I’m sure we’ve all seen some version of this cycle repeat a million times. If you look at her values (peace, confidence, results she can maintain for life) we can see that she sacrificed those to try to hit her goal.

A Focus On Values:

Let's see what that same week would look like if she came at it from the perspective of valued direction:

  • Week six of food skills practice: Susan has been working on the 5 Core Food skills, and has slowly worked up to practicing all three. There have been some bumps in the road, but she’s still down 4 pounds in 6 weeks. She feels really good because her skill practice actually lines up with her values. She feels good because she’s practicing being the kind of person she wants to be.

She already feels more peaceful, more confident, and more like her results will be sustainable, just from how consistent she’s been with her skill practice. The weight loss has been simply a natural consequence of consistent skill practice. She doesn’t have to stress about how fast or slow it goes, because she’s already being the person she wants to be. She already feels peaceful and confident, knowing she’s doing her skills, and knowing everything is going in the right direction.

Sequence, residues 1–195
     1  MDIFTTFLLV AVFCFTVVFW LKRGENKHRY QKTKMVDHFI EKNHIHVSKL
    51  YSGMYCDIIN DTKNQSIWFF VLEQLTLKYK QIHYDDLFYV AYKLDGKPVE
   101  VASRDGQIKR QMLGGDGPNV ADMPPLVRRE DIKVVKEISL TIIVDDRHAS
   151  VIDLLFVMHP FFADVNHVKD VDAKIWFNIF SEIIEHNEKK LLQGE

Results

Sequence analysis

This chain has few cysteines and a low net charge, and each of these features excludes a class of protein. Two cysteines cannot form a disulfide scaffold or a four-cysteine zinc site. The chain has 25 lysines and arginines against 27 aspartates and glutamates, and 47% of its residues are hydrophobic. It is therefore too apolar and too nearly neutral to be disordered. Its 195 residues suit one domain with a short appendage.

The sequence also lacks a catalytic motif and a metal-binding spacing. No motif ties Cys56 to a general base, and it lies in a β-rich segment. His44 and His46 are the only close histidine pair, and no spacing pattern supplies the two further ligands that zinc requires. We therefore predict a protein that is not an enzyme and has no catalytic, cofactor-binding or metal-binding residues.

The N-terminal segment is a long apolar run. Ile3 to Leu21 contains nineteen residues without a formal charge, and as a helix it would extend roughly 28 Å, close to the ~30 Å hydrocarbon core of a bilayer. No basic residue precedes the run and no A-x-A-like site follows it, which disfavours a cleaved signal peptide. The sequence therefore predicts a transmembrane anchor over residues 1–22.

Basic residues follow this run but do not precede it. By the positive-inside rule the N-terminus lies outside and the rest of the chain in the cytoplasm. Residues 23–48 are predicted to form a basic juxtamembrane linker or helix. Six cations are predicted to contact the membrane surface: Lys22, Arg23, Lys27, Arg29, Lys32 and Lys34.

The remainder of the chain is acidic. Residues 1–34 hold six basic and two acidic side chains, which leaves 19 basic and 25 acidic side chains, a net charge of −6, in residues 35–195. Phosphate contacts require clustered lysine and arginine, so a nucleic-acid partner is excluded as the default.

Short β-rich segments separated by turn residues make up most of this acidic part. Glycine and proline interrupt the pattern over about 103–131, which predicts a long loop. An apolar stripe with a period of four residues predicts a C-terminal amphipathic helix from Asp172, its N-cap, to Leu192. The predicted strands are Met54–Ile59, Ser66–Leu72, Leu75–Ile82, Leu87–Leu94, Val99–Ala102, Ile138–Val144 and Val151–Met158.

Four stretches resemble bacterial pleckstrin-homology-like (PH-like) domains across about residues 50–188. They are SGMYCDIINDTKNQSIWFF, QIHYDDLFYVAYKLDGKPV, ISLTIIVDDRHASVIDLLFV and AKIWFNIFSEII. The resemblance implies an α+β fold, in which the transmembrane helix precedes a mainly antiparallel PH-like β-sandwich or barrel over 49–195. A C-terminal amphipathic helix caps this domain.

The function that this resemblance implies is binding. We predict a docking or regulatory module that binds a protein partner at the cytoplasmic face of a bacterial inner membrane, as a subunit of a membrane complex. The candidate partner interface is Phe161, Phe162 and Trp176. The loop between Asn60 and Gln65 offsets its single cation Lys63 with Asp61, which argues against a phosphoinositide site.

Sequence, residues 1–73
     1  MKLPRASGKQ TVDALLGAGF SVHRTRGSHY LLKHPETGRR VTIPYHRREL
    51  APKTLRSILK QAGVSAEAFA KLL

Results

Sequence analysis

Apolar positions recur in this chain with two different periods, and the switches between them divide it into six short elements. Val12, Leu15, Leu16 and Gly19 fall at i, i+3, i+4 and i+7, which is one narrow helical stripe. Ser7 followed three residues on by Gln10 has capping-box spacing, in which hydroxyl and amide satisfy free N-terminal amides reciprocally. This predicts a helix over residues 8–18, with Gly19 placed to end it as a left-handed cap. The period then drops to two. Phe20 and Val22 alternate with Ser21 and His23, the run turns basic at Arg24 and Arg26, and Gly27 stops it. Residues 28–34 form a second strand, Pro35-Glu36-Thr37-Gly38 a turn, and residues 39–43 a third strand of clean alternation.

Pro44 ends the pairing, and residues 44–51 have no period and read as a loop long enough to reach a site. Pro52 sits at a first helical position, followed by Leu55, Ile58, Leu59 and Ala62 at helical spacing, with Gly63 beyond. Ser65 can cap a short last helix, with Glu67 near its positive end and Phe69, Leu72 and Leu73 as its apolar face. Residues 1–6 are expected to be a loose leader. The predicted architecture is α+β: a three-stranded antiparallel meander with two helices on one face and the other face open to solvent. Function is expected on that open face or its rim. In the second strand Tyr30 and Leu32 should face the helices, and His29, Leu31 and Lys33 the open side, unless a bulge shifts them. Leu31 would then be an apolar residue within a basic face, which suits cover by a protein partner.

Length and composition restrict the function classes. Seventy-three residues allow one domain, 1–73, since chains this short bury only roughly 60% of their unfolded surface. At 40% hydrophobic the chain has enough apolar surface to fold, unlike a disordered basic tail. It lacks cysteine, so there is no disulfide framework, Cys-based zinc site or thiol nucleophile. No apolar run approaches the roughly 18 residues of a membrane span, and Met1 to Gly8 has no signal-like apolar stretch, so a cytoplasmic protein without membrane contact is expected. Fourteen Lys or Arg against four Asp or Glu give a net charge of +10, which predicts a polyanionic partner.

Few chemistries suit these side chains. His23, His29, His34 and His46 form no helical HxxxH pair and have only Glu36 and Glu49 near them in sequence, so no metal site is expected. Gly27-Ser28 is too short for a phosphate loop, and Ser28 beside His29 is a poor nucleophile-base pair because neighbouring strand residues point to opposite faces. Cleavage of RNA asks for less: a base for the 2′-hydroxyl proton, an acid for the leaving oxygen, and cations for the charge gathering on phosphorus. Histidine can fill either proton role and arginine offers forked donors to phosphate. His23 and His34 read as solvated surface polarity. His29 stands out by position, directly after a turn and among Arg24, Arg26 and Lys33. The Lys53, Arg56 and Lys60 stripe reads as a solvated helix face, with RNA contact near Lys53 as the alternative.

What you do need to know, is that if you set goals without clarifying your values, you’re putting the cart before the horse.

I’m not saying you shouldn’t set goals.

A goal, actually, can be a fun game to play inside of moving in a valued direction.

What you do need to know, is that if you set goals without clarifying your values, you’re putting the cart before the horse. You have no idea if your goals, and the methods you use to pursue them, are moving you towards or away from the kind of person you want to be.

If you notice your goals are taking you away from your values, then you’ve set goals taking you away from the kind of person you want to be. And it’s all about practicing being the kind of person you want to be.

Your values are how you know. Clarify your values, and then you have a filter to test your actions against. You can ask, “Is this moving me in the direction of my values?”

The funny thing about weight loss is that it tends to come with being the kind of person you want to be. Most people, after clarifying their values, have tremendous clarity around what kinds of food habits and skills they want to practice. All of a sudden, diet culture looks fairly repulsive. On the flip-side, eating balanced meals, eating meals, not snacks, learning to cope with emotions without food, moderating treats, eating vegetables, eating slowly, these are all things that people feel good doing. These are things that fit their values. These are also the same things that work best for long-term weight loss.